Federal Agencies Propose Regulation Codifying Use of Supervisory Guidance
Five federal agencies on Thursday issued a proposed regulation that would codify a 2018 guidance clarifying that supervisory guidance does not have “force and effect of law.”
The agencies—the Board of Governors of the Federal Reserve System; the Consumer Financial Protection Bureau; the Federal Deposit Insurance Corp.; the National Credit Union Administration; and the Office of the Comptroller of the Currency—invited comment on the proposal (https://files.consumerfinance.gov/f/documents/cfpb_npr_supervisory-guidance_2020-10.pdf), which outlines and confirms the agencies’ use of supervisory guidance for regulated institutions.
The proposal would codify the statement, as amended, issued in September 2018 by the agencies that clarified the differences between regulations and guidance (https://www.federalreserve.gov/supervisionreg/srletters/sr1805.pdf).
That statement noted “unlike a law or regulation, supervisory guidance does not have the force and effect of law and the agencies do not take enforcement actions or issue supervisory criticisms based on non-compliance with supervisory guidance. Rather, supervisory guidance outlines supervisory expectations and priorities, or articulates views regarding appropriate practices for a given subject area.”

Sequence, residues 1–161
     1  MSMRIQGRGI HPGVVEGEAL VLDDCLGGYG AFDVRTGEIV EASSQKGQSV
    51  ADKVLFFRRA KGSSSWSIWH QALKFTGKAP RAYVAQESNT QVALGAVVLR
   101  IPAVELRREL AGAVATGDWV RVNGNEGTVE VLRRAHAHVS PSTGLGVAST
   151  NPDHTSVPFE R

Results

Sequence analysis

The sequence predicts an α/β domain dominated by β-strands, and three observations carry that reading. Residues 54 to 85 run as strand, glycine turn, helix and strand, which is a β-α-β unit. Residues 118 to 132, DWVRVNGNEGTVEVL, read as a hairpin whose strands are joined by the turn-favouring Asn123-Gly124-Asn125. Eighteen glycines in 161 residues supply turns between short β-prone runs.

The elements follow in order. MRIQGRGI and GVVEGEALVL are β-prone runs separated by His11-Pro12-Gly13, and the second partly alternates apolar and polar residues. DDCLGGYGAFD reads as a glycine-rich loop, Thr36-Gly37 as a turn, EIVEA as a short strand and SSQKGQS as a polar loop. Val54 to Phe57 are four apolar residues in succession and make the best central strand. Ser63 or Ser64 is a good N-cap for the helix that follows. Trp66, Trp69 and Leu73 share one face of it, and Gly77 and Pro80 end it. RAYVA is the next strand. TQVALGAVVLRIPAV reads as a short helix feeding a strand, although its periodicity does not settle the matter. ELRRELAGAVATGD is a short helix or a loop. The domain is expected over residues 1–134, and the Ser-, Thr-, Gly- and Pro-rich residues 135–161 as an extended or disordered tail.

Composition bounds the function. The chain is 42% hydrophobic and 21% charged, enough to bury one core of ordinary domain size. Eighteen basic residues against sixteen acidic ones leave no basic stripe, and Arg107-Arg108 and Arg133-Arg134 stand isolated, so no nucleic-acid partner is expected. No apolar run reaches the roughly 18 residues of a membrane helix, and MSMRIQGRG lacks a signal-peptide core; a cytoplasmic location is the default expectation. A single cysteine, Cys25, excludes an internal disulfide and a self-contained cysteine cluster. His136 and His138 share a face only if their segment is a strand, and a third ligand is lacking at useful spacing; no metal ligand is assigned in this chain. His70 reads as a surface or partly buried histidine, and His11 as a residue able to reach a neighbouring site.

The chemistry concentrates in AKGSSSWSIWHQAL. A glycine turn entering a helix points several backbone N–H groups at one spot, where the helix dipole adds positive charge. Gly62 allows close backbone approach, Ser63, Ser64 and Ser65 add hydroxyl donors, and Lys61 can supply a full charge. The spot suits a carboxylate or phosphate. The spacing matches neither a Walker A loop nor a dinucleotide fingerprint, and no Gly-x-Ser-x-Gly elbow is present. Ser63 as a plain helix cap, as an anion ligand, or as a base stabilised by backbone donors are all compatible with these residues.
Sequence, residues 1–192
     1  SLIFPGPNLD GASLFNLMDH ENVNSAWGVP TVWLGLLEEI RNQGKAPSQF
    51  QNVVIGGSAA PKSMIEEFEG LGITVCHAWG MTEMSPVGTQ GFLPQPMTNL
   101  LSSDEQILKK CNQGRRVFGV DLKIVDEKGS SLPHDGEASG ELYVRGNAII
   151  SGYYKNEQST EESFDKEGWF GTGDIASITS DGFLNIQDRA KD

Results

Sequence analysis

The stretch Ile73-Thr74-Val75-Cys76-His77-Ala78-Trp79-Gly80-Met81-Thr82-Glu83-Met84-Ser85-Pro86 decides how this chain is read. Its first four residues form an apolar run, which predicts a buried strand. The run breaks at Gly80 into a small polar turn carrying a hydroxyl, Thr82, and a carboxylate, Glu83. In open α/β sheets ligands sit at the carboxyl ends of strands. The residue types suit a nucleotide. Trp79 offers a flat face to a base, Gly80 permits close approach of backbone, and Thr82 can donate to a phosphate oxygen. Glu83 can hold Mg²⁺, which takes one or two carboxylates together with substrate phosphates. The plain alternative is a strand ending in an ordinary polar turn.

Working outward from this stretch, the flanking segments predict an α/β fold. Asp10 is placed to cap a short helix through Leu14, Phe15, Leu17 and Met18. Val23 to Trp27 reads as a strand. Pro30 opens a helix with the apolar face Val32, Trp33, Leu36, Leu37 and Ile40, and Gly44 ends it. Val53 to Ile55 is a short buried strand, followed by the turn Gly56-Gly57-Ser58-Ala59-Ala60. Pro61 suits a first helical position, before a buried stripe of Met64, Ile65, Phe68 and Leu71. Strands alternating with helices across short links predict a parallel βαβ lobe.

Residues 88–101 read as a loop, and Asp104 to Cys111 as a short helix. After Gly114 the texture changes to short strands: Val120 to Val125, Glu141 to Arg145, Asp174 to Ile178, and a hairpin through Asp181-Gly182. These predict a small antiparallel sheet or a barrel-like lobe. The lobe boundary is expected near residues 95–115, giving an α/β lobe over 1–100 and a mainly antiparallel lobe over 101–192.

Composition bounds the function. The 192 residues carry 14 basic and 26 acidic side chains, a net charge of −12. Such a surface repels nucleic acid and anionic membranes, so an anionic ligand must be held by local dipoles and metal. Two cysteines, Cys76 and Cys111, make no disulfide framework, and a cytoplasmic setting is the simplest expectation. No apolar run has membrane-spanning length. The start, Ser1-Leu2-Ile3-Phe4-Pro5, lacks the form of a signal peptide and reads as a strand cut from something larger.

The statement clarified in contrast to supervisory guidance, “regulations do have the force and effect of law and enforcement actions can be taken if regulated institutions are in violation. Rather, supervisory guidance outlines the agencies’ supervisory expectations or priorities and articulates the agencies’ general views regarding appropriate practices for a given subject area.
The Mortgage Bankers Association has previously expressed support for clarity in the supervisory guidance process, noting that earlier statements and guidance on specific issues created “regulation by enforcement” instead of updating rules and regulations, leading to concern and confusion among regulated entities.
Comments will be accepted for 60 days following publication in the Federal Register.